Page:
The tort of negligence occurs when someone suffers injury because of another's failure to [blank_start]live[blank_end] [blank_start]up[blank_end] [blank_start]to[blank_end] a required duty of care.
In contrast [blank_start]to[blank_end] intentional torts, in torts involving negligence, the tortfeasor neither wishes to being about the consequences of the act nor believes that they will occur. The [blank_start]actor's[blank_end] conduct merely creates a risk of such consequences.
To succeed in a [blank_start]negligence[blank_end] action, the plaintiff must prove each of the following:
-Duty. That the defendant [blank_start]owed[blank_end] a duty of care [blank_start]to[blank_end] the plaintiff.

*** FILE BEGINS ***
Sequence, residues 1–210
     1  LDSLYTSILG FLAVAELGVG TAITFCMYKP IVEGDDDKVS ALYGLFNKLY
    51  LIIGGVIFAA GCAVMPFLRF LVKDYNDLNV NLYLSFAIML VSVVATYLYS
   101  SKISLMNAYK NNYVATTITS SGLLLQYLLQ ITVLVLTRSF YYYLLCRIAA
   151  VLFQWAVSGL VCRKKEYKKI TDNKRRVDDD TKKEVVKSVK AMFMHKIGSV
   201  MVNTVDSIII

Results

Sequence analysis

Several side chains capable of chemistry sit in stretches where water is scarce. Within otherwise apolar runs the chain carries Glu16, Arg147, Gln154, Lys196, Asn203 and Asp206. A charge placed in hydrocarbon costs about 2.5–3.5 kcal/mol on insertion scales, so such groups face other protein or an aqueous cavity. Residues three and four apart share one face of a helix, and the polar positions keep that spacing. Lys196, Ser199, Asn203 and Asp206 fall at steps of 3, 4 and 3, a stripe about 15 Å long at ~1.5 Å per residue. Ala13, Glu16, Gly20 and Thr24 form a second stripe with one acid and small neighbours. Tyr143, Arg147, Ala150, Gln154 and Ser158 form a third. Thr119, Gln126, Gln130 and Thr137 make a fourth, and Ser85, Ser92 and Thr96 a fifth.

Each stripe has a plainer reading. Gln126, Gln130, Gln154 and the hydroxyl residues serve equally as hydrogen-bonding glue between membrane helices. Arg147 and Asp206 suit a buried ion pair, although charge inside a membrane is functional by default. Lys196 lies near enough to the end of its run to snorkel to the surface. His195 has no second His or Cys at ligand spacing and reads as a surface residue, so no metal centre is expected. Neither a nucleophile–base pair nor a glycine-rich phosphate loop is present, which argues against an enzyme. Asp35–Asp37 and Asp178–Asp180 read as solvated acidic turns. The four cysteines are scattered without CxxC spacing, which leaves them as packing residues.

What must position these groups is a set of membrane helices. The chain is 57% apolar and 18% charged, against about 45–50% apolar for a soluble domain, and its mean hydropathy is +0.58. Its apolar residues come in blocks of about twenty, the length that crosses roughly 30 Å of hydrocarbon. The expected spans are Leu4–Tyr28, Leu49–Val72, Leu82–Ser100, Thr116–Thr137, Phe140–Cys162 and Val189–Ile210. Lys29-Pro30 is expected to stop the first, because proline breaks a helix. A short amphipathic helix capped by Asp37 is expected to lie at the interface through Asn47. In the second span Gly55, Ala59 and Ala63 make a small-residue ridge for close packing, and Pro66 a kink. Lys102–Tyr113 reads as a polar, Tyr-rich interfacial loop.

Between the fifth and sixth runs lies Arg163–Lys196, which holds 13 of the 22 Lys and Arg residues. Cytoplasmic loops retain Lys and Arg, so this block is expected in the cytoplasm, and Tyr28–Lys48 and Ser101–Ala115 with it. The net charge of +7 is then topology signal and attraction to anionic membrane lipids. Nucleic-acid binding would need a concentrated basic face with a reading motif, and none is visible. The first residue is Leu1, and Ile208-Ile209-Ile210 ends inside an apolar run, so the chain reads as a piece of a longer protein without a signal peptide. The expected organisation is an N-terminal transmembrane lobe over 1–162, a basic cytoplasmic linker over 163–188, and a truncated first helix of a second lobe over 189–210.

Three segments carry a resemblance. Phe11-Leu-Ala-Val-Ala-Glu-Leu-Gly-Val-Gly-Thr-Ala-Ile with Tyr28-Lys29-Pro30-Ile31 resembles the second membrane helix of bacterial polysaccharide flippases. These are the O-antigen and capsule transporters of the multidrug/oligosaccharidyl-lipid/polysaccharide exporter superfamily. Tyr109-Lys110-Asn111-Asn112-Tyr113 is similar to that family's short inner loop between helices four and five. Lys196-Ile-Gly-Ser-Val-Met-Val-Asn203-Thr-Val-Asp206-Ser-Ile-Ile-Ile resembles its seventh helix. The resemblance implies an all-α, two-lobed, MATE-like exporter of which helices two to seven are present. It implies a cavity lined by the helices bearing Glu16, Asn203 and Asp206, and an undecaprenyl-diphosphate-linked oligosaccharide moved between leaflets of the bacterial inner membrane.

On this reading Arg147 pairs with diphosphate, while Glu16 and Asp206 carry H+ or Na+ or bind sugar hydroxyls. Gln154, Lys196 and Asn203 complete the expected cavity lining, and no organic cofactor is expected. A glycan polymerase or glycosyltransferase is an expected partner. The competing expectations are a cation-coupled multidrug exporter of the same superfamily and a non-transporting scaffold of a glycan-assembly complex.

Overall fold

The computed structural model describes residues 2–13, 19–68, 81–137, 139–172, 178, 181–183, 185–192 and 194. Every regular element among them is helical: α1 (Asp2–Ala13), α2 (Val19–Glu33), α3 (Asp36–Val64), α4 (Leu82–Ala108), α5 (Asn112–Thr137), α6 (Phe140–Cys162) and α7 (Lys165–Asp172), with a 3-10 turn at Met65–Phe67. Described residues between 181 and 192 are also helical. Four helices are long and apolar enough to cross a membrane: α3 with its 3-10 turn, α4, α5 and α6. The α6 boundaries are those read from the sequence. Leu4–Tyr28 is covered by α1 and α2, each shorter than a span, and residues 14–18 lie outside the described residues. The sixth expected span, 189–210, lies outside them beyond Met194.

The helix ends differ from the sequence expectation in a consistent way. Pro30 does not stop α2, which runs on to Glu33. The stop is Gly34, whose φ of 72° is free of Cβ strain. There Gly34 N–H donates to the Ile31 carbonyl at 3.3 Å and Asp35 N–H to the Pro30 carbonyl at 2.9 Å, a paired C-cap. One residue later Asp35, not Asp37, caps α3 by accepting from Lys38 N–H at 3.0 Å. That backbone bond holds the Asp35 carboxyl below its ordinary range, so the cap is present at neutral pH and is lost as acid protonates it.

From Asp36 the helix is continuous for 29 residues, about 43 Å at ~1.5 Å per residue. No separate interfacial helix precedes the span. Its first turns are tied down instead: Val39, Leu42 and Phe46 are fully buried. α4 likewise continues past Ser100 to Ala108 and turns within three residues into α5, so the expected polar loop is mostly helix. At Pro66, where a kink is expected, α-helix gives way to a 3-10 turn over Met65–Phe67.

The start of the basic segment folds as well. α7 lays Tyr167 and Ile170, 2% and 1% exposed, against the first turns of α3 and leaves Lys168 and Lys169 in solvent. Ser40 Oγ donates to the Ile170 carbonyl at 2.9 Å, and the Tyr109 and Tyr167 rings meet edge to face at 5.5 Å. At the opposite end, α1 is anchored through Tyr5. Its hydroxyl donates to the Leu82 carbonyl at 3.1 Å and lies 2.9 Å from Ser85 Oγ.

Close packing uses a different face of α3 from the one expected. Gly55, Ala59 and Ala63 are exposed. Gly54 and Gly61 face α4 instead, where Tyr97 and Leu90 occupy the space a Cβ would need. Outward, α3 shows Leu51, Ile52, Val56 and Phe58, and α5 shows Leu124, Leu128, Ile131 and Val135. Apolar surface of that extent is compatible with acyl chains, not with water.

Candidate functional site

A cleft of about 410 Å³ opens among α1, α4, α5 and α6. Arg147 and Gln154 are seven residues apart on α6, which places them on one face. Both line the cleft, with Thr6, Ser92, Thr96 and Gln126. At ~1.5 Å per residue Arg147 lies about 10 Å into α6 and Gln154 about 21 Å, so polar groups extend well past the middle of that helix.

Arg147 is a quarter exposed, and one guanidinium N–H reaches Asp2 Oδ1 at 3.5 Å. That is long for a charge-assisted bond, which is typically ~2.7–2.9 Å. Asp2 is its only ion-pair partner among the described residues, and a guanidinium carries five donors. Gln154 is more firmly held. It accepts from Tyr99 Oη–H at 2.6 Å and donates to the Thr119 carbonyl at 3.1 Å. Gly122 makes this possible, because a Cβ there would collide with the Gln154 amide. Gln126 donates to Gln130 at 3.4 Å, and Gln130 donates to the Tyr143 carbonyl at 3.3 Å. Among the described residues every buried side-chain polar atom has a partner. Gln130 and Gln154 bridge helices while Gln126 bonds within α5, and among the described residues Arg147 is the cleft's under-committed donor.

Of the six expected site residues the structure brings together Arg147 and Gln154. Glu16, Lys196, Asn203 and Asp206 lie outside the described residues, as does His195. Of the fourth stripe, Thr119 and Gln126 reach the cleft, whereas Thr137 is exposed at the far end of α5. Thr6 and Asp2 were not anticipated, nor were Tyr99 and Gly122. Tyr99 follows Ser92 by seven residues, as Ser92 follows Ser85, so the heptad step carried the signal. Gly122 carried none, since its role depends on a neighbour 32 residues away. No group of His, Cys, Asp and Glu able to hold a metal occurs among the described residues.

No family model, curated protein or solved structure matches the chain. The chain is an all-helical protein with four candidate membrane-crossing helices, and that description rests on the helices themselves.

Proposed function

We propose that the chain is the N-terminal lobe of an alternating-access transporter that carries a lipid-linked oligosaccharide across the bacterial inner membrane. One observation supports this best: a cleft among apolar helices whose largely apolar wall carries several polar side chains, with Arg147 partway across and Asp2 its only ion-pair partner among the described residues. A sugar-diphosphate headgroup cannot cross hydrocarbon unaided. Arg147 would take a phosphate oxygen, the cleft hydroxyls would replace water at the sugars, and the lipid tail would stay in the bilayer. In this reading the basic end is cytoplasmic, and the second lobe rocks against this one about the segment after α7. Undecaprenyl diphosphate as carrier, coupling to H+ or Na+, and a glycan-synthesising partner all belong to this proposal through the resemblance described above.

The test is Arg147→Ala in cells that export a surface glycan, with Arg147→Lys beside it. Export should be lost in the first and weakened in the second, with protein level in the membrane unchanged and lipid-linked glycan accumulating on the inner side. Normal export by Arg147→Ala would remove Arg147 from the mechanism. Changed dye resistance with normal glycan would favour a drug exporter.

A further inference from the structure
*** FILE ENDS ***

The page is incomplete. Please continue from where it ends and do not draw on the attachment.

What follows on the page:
-Breach. That the defendant [blank_start]breached[blank_end] that duty.
-Causation. That the defendant's breach caused the plaintiff's injury.
-Damages. That the plaintiff suffered a legally [blank_start]recognizable[blank_end] injury.
When someone fails to comply with the duty to [blank_start]exercise[blank_end] reasonable care, a potentially tortious act may have been committed.
Tort law measures duty by the [blank_start]reasonable person standard[blank_end].
reasonable person standard
Causation in fact usually can be determined [blank_start]by use of[blank_end] the "but for" test.
by use of
Under the common law doctrine of contributory negligence, no matter how insignificant the plaintiff's negligence was [blank_start]relative[blank_end] [blank_start]to[blank_end] the defendant's negligence, the plaintiff would be [blank_start]precluded[blank_end] [blank_start]from[blank_end] recovering damages.